While the Department expects to review and accept a range of proposals, it may disapprove or limit proposals on policy grounds or because the proposal creates potential constitutional problems or violations of civil rights laws or equal protection requirements. The Department seeks proposals which preserve and enhance beneficiary access to quality services. Within this overall policy framework, the Department is prepared to-
  • Grant waivers to test the same or related policy innovations in multiple States, (replication is a valid mechanism by which the effectiveness of policy changes can be assessed);
  • Approve demonstration projects ranging in scale from reasonably small to state-wide or multi-state, and
  • Consider joint Medicare-Medicaid demonstrations, such as those granted in the Program for All-Inclusive Care for the Elderly (PACE) and Social Health Maintenance Organization (SHMO) demonstrations, and Aid to Families with Dependent Children (AFDC)-Medicaid waivers.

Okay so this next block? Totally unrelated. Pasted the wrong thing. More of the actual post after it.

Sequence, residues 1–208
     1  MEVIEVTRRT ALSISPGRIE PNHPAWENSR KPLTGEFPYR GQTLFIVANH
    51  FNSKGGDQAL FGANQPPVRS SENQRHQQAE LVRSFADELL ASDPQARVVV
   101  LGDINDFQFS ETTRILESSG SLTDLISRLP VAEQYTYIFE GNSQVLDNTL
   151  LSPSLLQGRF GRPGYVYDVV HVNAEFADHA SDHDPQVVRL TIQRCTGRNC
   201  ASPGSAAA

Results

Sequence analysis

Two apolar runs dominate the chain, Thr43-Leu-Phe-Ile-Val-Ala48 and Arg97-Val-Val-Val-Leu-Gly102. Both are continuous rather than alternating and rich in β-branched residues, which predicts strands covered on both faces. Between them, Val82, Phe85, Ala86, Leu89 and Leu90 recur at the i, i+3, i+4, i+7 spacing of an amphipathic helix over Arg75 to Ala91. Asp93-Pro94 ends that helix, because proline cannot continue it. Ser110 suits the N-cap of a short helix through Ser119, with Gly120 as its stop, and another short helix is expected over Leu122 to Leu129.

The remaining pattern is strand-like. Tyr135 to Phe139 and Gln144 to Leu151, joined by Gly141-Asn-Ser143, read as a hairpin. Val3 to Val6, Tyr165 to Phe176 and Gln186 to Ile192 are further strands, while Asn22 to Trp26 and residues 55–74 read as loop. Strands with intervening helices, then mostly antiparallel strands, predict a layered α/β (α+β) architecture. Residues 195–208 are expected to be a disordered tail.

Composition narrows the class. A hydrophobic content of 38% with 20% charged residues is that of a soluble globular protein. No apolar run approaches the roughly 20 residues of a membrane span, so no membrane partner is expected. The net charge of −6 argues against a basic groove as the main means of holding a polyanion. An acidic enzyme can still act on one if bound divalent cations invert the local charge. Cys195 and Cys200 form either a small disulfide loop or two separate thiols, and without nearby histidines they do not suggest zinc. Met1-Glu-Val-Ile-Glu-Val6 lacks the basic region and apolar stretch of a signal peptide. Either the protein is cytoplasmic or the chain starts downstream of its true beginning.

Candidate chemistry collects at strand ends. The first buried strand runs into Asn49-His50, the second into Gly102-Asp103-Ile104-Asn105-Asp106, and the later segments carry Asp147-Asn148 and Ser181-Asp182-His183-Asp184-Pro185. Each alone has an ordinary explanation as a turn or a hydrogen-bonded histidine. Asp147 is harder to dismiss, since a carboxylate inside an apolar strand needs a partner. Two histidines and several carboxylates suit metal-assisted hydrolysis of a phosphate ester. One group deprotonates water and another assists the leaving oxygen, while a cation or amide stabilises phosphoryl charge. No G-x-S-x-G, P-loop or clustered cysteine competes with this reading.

III. Duration
The complex range of policy issues, design methodologies, and unanticipated events inherent in any research or demonstration makes it very difficult to establish a single Department policy on the duration of 1115 waivers. However, the Department is committed, through negotiations with State applicants, to-
  • Approve waivers of at least sufficient duration to give new policy approaches a fair test. The duration of waiver approval should be congruent with the magnitude and complexity of the project (for example, large-scale statewide reform programs will typically require waivers of five years);